When I was unemployed, I told myself I'd remember how it felt. It's hard to recapture the hopeless depression that takes over after just a few weeks or the tiredness caused by a trek from shop to shop, hunting for reductions on bread, rice and lentils. I recall the desperation of wanting to afford a tiny luxury - a postcard or a small Christmas decoration - and the pride I felt in not letting friends and family know that I could afford so little.
I can still remember the mixture of suspicion and contempt from one member of benefits staff, who thought me both too clever and too lazy. I was six months pregnant at the time and she managed to imply that pregnancy was another example of my fecklessness, telling me that my intention to breast-feed when the baby was born showed my lack of commitment to the world of work. I was summoned back for a detailed interview about my circumstances, which culminated in a long argument about my travel expenses. I got the expenses and benefits in the end, at the cost of a great deal of self-confidence. Only the knowledge that I needed money for the baby kept me going in the gap between temp. work and maternity pay.
The Labour Party used to stand up for the unemployed. I chanced on a web-library of Scottish Labour election leaflets - appropriate for this week with the Glasgow East by-election set for Thursday. I found the election address of Agnes Dollan, who was standing for Glasgow Springburn ward in a Glasgow City by-election of 1921. One of the key paragraphs is headed "Our Workless Brethren" and reads:
The condition of the unemployed in the city must be our first concern. Over 70,000 men and women are unable to obtain work, and their homes are shadowed by sorrow and poverty. Thousands could be employed in the building of houses, and on other schemes of civic welfare, if the State would give grants to finance these schemes. If the Government could afford £30,000,000 for warships, it can afford to finance work for the unemployed. The State must accept full responsibility for unemployment so that occupation or maintenance can be provided for the workless.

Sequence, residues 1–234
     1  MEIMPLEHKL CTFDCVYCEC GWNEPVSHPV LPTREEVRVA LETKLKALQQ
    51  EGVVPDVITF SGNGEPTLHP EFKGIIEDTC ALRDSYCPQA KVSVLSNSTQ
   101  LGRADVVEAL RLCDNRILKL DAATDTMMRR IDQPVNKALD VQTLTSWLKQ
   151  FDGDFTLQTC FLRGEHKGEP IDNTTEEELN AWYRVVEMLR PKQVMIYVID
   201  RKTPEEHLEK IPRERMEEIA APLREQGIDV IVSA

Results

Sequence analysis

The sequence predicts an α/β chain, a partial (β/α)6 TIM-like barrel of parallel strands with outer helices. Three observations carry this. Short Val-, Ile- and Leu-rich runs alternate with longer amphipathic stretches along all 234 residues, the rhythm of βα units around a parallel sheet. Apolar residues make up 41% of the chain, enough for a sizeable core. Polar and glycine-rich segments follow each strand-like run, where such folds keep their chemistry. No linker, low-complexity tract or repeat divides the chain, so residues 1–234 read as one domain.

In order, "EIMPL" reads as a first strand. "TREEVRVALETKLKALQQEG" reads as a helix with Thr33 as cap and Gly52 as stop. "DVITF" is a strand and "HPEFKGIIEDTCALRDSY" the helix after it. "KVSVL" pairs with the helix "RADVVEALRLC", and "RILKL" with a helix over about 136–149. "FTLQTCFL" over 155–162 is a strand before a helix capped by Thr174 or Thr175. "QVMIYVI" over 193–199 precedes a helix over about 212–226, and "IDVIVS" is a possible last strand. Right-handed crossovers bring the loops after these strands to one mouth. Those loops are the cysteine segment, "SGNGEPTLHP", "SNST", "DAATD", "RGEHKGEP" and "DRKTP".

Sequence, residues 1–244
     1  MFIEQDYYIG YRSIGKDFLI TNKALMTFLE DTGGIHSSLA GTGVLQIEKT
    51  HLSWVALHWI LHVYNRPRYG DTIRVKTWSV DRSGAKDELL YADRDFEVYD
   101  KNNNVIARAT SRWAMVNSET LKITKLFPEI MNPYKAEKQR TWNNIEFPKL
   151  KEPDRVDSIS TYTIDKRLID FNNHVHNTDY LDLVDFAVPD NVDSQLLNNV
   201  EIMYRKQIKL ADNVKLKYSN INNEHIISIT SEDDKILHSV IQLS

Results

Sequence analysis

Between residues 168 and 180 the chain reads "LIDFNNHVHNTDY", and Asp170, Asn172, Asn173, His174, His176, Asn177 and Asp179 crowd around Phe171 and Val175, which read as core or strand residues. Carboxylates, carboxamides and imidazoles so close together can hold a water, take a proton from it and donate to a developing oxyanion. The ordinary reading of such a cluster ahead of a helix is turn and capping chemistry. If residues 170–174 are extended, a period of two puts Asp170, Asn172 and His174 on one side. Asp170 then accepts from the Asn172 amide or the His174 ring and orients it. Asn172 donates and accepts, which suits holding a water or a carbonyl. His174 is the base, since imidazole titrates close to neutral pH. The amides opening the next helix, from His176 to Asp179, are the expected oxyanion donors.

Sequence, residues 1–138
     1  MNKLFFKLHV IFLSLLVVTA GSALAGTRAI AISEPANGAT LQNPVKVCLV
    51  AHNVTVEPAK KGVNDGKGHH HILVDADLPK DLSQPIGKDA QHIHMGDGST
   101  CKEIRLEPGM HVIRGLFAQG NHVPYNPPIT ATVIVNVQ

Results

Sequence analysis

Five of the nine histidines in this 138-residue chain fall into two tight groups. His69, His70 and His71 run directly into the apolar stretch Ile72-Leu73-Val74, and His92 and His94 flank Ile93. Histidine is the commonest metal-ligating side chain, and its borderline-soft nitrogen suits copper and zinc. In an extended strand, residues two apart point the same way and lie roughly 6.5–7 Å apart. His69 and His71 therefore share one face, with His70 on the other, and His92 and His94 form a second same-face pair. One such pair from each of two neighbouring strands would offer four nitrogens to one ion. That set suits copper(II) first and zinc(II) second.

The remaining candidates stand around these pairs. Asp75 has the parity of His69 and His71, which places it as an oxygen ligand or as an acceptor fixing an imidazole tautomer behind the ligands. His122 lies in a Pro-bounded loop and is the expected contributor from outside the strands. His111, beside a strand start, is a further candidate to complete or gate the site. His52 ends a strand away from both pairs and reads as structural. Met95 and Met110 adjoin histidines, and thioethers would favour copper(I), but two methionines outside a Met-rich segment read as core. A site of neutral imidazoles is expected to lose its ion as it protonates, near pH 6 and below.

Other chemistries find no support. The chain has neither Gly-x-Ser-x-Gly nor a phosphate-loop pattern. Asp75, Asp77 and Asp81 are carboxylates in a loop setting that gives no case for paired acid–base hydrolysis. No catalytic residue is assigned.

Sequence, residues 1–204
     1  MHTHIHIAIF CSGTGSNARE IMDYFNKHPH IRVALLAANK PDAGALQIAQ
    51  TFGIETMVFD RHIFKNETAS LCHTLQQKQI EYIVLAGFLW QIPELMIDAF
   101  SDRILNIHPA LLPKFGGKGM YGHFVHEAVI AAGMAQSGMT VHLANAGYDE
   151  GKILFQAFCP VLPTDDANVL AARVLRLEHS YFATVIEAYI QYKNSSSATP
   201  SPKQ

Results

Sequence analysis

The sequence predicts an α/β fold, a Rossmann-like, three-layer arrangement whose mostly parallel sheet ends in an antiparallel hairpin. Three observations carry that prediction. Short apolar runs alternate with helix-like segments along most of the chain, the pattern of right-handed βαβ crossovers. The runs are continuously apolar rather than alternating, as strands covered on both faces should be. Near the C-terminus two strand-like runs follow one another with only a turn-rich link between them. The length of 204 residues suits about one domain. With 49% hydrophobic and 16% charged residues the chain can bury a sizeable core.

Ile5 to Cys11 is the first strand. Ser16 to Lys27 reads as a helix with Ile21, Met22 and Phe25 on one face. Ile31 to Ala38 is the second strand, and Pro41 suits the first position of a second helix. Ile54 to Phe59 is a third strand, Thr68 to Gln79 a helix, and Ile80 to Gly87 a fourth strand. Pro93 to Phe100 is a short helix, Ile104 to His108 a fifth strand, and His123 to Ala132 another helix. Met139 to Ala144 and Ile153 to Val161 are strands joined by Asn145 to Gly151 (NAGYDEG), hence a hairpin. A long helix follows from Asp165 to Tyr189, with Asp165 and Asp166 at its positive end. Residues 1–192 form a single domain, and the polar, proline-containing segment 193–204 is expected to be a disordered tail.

The election address goes on to guarantee that the unemployed of Glasgow will not be evicted and that the unemployed will be given the same moratorium on debt as was provided to bankers at the beginning of World War I.
Today, the New Labour government is talking about getting the unemployed into work, but the language is all about force, threats and punishment. The jobless will be ordered to work - first clearing litter and cleaning graffiti in community projects and then at unspecified full-time jobs. This will affect almost all the 4.6 million people who are unemployed and claiming benefits - only those with the most serious disabilities will be exempt. I suppose we'll get used to seeing gangs of the sick and dying peeling chewing-gum off city streets.
I don't know whose jobs will be given to the unemployed but I hope the government remembers its own minimum wage laws. Apparently the new rules will include an opportunity for private companies to profit.
It looks as though the new regime will be piloted in Glasgow - but there won't be an announcement until the by-election is over. I wonder what Agnes Dollan would have made of adviser, David Freud, "investment banker and government welfare adviser," who seems to be behind the new scheme.
Friday, 18 July 2008
I was lucky in the other papers in my session at the conference. My paper wasn't a very good fit but the two other papers were ones I would have chosen to hear. I managed to go first - I was anxious about the media files but they played perfectly - and then settled down to listen.
The other papers were on class and Marxism - but not class from a Marxist perspective. One looked at the ways in which Marx was read and understood in the 1880s and 1890s - and how Marxist ideas were interpreted and modified in novels and other writings of the time. I didn't take many notes but I hope the speaker will let me see a copy of her paper. I'd like to consider how interpretations of Marx influenced the slightly later writers Robert Tressell and Ethel Carnie Holdsworth.